• Glenn McCombGlenn McComb, almost 6 years ago

    This is the page I always end up hitting: http://zerosixthree.se/vertical-align-anything-with-just-3-lines-of-css/

    6 points
    • Dominik SchmidtDominik Schmidt, almost 6 years ago (edited almost 6 years ago )

      Be careful with this, if it's dynamic content and the box is uneven it is getting blurry with this snippet. Ok, to be honest it's the easiest & at the same time best feature with most browser support, but there is (if you don't need to hustle with the IE9 and some IE10 - you can fix IE10 with some polyfills I think) the use of flex-box that is much more effective, because it is rounding things. SO be sure to also check out the centering of things with css using the good'ol table layout method (using div's of course – Credits to Marc Audett give that man an upvote if you found this a good solution).

      0 points
  • Max StoiberMax Stoiber, almost 6 years ago (edited almost 6 years ago )

    I always refer to this great webapp by Oliver Zheng: http://howtocenterincss.com

    4 points
  • Edmundo SantosEdmundo Santos, almost 6 years ago

    Been there, done that!

    If you're concern about IE8 support, here's a nice approach:

    .absolute-center { position: absolute; top: 50%; left: 50%; transform: translate(-50%, -50%); }

    At least it's easy to remember! (don't forget the prefixes)

    2 points
    • E BensleyE Bensley, almost 6 years ago

      Ah but this has the same problem as @glenn's solution, by which if the length of the content box is uneven the content will become slightly blurry due to the transform. I've been using 100% height on both html and body then using padding to center an object. This isn't precise but it results in a clean presentation in most use cases.

      1 point
      • Hawke BassignaniHawke Bassignani, almost 6 years ago

        Update (April 25th) As a few people have pointed out, this method can cause elements to be blurry due to the element being placed on a “half pixel”. A solution for this is to set its parent element to preserve-3d. Like following:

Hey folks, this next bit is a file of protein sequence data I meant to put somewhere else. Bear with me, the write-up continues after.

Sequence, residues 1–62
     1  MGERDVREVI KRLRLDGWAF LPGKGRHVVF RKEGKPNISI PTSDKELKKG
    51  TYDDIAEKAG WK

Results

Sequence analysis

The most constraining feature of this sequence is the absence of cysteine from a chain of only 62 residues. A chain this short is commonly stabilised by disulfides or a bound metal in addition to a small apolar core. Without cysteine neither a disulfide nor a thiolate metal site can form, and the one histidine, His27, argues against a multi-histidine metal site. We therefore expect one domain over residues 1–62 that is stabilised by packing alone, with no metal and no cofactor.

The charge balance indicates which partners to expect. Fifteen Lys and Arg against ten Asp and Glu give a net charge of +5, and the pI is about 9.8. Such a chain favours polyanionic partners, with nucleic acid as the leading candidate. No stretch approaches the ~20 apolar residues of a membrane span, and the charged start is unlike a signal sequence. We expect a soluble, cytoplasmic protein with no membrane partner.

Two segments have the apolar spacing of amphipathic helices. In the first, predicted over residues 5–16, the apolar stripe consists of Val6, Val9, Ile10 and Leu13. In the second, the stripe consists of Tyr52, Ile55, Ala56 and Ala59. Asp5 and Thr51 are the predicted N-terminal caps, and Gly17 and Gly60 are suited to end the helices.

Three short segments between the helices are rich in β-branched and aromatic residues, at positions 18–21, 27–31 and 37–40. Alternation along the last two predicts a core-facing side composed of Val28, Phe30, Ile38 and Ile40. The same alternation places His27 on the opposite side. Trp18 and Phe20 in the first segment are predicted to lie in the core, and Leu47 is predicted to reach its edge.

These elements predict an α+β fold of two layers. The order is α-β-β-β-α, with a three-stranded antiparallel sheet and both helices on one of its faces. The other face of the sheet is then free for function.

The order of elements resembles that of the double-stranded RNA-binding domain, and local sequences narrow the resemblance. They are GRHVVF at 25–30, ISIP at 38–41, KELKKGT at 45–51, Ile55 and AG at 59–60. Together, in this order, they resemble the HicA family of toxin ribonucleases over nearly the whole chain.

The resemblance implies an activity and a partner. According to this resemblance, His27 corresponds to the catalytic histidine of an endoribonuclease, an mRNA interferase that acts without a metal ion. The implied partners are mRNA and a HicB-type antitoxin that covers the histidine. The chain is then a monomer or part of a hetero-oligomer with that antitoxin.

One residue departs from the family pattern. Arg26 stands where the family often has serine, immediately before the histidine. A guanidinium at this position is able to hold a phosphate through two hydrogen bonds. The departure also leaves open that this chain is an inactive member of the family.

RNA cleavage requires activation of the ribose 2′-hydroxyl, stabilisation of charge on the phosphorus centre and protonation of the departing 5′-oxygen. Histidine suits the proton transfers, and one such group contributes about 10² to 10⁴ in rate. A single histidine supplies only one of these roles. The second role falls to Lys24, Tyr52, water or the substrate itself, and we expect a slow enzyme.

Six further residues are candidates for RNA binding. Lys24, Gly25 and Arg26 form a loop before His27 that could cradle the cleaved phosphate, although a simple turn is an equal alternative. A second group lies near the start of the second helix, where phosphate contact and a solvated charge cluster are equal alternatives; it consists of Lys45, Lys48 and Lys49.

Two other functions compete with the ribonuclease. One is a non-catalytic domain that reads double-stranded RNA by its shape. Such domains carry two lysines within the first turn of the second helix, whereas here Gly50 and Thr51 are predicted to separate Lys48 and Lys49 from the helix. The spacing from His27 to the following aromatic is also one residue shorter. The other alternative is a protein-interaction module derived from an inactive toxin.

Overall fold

0 points
        • Dominik SchmidtDominik Schmidt, almost 6 years ago

          Check browser support of transform-style, please :)

          0 points
          • Hawke BassignaniHawke Bassignani, over 5 years ago

            True, but they added it with IE Edge. (And to the IE 10 dev preview… in November/Dec. 2014, I think?).

            0 points
            • Dominik SchmidtDominik Schmidt, over 5 years ago

              But many people are using IE8, IE9 and IE10. I am not supporting IE8 anymore, when developing, but IE9 and IE10 should be possible to manage when it comes to something silly as vertical-centering.

              And IE11 is also not supported.

              0 points
            • Dominik SchmidtDominik Schmidt, over 5 years ago

              (But I always use the table from caniuse to see which browser-support my homepage needs. So importing GA statistics and see if there is a need to support IE)

              0 points
  • Rick LanceeRick Lancee, almost 6 years ago (edited almost 6 years ago )

    Use flexbox; but only if you can afford to neglect anything below IE11

    2 points
  • Ix TechauIx Techau, almost 6 years ago


    .parent-element text-align: center &:before content: '' display: inline-block height: 100% vertical-align: middle .centered-element display: inline-block vertical-align: middle
    1 point
  • Matthew Pavkov, almost 6 years ago

    Surprised no one mentioned this vertical center method. Granted, you need to declare a height so it certainly isn't as versatile as flexbox or transform methods, but it's worth noting.

    0 points
  • Julian MaunderJulian Maunder, almost 6 years ago

    Being told "(not impressed) It needs to be bigger and in the middle." for the 100th time, cries for 7 minutes...

    0 points
  • Eric BoyerEric Boyer, almost 6 years ago (edited almost 6 years ago )

    I'm not sure Ewen is looking for the same results he's finding in Google as comments. Don't worry brother, I appreciate your message. Vertical centering shouldn't be as tricky as it is. :)

    0 points
  • Dan CortesDan Cortes, almost 6 years ago

    Wait, the prev/next buttons were going to be h1's before they became li's? Am I reading that right? Also, I get using inline styles to show a young'n, but I also don't think it's a stretch to think that she would've understood how external stylesheets work. The fact that both buttons would be styled the same might have driven the point home.

    Then maybe OP could've taught her how to use Grunt, Sass, LiveReload (or Browsersync so she can test quickly on multiple devices), Node, a CMS so she can edit her blog on the go (I recommend KeystoneJS even though it's not v1 yet), and if she's gonna learn Keystone, then she's gonna need to learn a good templating language. How old is this kid? If she's at least 9, it might help to teach her about hosting, maybe using Heroku, so her recess club friends can actually access the site. If she's really ambitious, just skip the CMS and use Jekyll and GitHub pages so hosting is free.

    0 points
  • Ciriac TrompCiriac Tromp, almost 6 years ago

    My go to page https://css-tricks.com/centering-in-the-unknown. I usually end up using the display: table-cell approach.

    0 points
  • Hash MilhanHash Milhan, almost 6 years ago

    i'm still not sure what's the definitive way of doing this...

    0 points